The United States Is Not an Apocalyptic Wasteland, Explains Steven Pinker

Phil Torres in Motherboard (at Vice):

Motherboard: Trump has repeatedly painted an apocalyptic picture of contemporary America. He has talked about (black) people getting shot while walking down the street, about terrorists disguising themselves as refugeesfleeing the atrocities of Syria, and about Mexico sending its “criminals” and “rapists” across the southern border. Could you briefly explain why this characterization of the contemporary US is factually wrong?

ScreenHunter_2423 Dec. 06 17.51Steven Pinker: Unfortunately, it’s all too easy for newsreaders to believe that apocalyptic picture. The news media give lavish coverage to violent incidents, seldom follow up on negative reportage in the past, and rarely put events in statistical or historical perspective. Worse, they allow themselves to be played by violence impresarios, namely terrorists and rampage killers, who correctly anticipate that they can attract the world’s attention by killing a number of innocent people at once. This is true not just of tabloids and cable news chasing eyeballs and clicks, but of high-quality outlets who feel that by highlighting what goes wrong, they are discharging their duty as watchdogs, muckrakers, and afflicters of the comfortable.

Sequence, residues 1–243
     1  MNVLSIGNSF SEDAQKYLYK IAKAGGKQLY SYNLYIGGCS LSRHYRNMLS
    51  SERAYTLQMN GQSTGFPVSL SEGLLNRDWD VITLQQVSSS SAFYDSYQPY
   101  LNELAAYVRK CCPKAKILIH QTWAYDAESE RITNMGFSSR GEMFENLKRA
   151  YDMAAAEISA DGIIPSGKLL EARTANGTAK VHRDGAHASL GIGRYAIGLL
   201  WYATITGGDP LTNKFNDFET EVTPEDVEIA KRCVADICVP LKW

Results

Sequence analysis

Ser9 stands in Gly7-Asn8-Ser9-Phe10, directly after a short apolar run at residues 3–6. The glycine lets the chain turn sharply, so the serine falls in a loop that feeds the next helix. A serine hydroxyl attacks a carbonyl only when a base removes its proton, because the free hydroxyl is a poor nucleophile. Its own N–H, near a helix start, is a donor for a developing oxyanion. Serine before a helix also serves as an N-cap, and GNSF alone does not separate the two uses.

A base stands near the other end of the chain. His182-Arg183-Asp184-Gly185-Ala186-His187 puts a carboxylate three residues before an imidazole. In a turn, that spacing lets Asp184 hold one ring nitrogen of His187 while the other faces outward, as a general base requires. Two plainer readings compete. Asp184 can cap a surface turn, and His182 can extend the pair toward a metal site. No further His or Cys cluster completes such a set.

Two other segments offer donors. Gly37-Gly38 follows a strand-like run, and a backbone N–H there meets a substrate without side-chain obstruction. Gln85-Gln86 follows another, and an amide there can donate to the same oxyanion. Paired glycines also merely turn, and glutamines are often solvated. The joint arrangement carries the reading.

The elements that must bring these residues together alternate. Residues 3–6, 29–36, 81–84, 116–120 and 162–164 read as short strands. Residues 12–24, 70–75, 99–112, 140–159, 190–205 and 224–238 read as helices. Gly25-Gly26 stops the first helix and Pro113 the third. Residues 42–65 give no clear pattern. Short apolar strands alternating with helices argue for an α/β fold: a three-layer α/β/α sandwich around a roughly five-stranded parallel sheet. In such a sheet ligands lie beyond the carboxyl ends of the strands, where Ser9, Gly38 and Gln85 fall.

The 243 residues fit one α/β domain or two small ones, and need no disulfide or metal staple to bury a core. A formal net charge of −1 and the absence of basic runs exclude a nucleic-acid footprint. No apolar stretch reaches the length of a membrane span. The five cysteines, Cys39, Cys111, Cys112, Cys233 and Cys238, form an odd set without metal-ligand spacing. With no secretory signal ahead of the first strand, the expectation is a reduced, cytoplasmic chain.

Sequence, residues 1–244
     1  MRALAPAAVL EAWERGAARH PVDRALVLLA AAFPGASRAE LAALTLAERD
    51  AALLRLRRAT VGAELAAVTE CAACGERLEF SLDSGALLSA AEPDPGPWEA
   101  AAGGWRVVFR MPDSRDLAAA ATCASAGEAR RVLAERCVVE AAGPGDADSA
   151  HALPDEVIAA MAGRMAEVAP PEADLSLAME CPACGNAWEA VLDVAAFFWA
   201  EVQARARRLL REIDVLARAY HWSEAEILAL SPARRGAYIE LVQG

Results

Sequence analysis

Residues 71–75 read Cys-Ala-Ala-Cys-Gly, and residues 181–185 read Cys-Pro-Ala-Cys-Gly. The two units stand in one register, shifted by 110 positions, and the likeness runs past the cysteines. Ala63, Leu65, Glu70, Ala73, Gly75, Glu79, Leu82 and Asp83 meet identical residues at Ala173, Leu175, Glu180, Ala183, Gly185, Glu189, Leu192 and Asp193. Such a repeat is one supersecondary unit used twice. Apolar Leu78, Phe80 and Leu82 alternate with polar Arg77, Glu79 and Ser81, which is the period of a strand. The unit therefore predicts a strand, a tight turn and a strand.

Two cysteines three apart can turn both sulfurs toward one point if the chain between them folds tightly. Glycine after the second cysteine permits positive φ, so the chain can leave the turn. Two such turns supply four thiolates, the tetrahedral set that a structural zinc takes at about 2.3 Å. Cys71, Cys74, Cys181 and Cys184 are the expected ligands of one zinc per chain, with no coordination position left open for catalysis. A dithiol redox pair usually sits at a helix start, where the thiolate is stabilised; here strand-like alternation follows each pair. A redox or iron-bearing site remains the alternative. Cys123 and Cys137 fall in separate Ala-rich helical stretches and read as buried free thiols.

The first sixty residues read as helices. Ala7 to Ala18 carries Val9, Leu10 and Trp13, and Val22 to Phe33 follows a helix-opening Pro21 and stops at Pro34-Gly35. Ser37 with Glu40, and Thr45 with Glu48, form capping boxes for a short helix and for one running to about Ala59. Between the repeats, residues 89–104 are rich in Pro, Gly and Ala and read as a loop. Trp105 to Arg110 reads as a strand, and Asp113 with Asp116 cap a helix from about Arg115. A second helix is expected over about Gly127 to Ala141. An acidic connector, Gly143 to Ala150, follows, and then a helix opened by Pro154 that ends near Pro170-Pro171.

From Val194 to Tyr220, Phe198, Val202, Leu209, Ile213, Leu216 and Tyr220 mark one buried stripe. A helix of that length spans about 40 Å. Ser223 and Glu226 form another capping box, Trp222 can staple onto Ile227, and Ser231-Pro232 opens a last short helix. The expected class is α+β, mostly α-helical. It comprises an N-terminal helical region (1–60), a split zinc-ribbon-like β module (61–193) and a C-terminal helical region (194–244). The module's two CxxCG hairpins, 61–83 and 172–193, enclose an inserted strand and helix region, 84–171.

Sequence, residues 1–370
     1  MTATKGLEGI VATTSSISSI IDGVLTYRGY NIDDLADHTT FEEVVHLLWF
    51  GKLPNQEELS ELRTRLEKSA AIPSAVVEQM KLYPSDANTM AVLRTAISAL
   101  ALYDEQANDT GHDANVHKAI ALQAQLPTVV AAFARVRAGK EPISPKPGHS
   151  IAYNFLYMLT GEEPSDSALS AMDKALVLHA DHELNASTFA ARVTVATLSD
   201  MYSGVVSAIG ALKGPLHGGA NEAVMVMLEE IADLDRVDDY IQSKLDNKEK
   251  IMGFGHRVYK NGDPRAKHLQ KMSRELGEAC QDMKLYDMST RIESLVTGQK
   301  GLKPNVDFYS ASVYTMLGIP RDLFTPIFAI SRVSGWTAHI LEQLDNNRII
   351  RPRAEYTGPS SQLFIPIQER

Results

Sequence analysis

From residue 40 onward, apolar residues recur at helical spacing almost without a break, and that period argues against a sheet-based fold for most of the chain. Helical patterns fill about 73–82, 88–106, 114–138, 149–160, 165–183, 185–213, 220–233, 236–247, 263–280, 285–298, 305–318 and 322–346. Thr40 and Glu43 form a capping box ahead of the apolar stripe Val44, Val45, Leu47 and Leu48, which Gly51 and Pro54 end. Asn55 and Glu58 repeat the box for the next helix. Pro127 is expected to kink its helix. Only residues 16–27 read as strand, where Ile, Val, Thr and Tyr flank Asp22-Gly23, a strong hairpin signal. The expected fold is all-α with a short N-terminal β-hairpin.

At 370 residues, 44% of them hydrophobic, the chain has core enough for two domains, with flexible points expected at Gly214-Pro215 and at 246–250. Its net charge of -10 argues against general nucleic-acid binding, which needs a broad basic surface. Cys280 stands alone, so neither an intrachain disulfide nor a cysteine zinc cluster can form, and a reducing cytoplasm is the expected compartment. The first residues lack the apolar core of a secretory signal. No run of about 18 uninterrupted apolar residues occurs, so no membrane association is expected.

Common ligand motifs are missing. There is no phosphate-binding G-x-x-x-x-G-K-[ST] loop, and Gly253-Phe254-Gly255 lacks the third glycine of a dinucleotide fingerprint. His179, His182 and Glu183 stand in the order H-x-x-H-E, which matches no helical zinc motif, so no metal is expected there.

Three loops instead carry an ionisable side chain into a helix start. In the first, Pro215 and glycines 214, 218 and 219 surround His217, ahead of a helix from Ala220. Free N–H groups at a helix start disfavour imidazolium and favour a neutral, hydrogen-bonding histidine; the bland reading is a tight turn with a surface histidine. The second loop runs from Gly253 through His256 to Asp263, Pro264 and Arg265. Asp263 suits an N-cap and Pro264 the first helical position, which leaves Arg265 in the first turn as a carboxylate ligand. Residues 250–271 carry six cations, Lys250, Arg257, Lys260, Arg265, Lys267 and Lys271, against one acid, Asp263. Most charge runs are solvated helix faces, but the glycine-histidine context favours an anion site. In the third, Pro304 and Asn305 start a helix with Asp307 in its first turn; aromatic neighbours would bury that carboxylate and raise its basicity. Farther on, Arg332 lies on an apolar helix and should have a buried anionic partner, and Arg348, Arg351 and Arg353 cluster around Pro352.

The facts are as follows. The rate of violent crime is lower now than it was at any time between 1966 and 2009. Immigrants have a lower rate of violent crime than American citizens. Terrorists kill just three-tenths of one percent of all American homicide victims. The rate of death from terrorism in the United States was higher in the early 1970s than it is today. And since 2002, more Americans have been killed by right-wing American terrorists than by Islamic terrorists. It’s true that the rate of violent crime went up between 2014 and 2015, most likely a consequence of the retreat of active policing since Ferguson. But it’s a small uptick in the context of the massive downward trend since 1992.

More here.